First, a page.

I watched the President's speech tonight. This is pretty unusual for me; I'm not much on watching scripted speakers stare at the teleprompter slightly over and behind me, that is, behind and above the camera photographing, in this case, the President. The result is curiously dead, no sense of being engaged as an interlocutor by the speaker, rather the sense of watching an actor from the sidelines as he reads a part. But something told me to watch.
The chief thing noticeable was the absolute absence of any spontaneity, any interpolations, any off-the-cuff ad-libs, the usual signs of a speaker at ease with his text. This was tight scripted, and one suspects the handlers had said no departures from text or there'll be no pre-bed snack tonight.
I watched with almost no emotion. I am newly calm about this monstrous episode we are embarked on. I have had, from my reading in Santayana chiefly (I remarked on this in my last column for LRC), an insight that has removed me from the lists of the overwrought. I see that everything is going as it evidently must. Ancient philosophical errors are playing out, as the people who made them could never have guessed they would. Present actors are virtually powerless to do anything but move in the grooves laid out for them long ago. An enormity of egotism, of prideful false philosophy, is grinding its way to a bitter end.
Did I think, did you think, that it would be possible for a head of state, for our head of state, to come forward and say something like this?
"My dear friends, I come before you tonight with a sad burden. I must tell you that our plans in Iraq have gone seriously awry, and although I am being urged by some to stay the course, to insist on final victory, I have estimated the cost to be too high. I am told by these same advisors that we must put $82 billion more into this reconstruction effort, and it is $82 billion we do not have. It will have to be borrowed, which means paid by taxpayers not yet born.
"But that is a small thing, really, and not why I am making the decision that I am going to set before you tonight. What I simply cannot countenance, and I do not wish you to have to accept, is a situation where our fine fighting men are being picked off by who knows what combinations of Hussein adherents, Al Qaeda people, or ordinary Iraqis upset with us as invaders. There is no prospect of improvement in this situation, in fact a real prospect of an escalation. I am, therefore, giving the order to our generals and admirals for full retreat as quickly and safely as possible, with a virtually infinite regard for the saving of life. I am turning the entire Iraq situation over to Iraqis to resolve as they are able. We are clearly unwelcome. Our intention was to free them. They are free. God go with them."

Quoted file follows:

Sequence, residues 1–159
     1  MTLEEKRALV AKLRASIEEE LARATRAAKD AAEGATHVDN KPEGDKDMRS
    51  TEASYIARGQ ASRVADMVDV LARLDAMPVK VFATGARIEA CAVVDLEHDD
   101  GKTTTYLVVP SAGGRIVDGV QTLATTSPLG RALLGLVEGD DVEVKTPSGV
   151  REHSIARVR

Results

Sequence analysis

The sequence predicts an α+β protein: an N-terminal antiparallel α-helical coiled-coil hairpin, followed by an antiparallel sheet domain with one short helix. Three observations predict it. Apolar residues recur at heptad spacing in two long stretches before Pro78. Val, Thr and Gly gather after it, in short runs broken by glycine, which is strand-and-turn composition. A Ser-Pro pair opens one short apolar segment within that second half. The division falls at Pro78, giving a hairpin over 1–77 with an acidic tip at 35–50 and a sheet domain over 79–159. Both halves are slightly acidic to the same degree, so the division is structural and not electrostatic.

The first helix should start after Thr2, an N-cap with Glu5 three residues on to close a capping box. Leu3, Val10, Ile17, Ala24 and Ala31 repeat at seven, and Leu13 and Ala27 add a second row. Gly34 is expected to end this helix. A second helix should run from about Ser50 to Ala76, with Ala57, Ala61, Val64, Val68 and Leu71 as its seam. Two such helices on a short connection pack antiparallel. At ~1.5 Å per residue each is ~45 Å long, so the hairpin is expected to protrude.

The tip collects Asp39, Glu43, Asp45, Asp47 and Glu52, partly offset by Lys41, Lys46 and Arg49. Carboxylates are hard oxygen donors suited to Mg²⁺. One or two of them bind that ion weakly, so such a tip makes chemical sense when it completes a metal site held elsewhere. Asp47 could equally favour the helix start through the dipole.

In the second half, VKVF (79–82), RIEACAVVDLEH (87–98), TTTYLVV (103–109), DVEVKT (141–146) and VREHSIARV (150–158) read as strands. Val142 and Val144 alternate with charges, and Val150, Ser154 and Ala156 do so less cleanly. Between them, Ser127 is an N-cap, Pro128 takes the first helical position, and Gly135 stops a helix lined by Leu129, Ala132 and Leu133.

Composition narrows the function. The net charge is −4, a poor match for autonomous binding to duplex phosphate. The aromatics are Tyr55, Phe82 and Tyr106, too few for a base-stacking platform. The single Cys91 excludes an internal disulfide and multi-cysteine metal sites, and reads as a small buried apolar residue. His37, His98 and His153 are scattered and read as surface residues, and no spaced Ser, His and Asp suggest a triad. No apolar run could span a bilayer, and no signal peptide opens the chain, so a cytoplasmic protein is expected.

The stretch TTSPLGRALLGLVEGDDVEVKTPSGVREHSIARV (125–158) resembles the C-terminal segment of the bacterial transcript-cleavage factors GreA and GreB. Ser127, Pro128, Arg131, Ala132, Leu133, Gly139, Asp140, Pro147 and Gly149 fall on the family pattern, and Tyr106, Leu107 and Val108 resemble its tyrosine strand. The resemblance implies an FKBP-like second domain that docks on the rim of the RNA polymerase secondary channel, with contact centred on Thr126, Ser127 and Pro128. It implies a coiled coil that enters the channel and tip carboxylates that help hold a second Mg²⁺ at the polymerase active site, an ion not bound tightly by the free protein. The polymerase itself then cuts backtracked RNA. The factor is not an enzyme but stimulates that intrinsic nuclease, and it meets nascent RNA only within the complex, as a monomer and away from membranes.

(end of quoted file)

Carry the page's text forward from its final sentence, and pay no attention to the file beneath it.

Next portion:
Or any variations of that message you'd like to craft up. Not possible. People in situations like the one George Bush is in are trapped. They are prisoners of fate in a truly horrible way. No doubt ambition and privilege brought him step by step to the "bad eminence" he now occupies. He can't have seen coming, however, how bad it was going to get. And it is going to get worse. For a while he was enjoying it, and let himself posture and be brash. That mood came to a peak when he challenged the Iraqis, "Bring 'em on." It has been downhill since.
I look at GW plowing through that miserable speech, and I pity him. I, unknown and poor to quote the poet, "a lone ant on a broken ant hill" am, relatively speaking, free as a bird. This Thursday, which happens to be my wedding anniversary as well as the second anniversary of the Trade Towers disaster, I will drive, God willing, to a small mountain town not terribly far away and have dinner and drive home. Hope to have money enough for the dinner and the gas.
I thought for a while that it was my job to stop this insanity somehow, and I lamented my utter powerlessness. That was sheer egotism on my part. I have no such job, and it's utter vainglory to think so. My job is stay sane in a mad world. Offer no support not extracted from me at gunpoint to the war-making power. Observe the sunsets and pray for peace.
September 8, 2003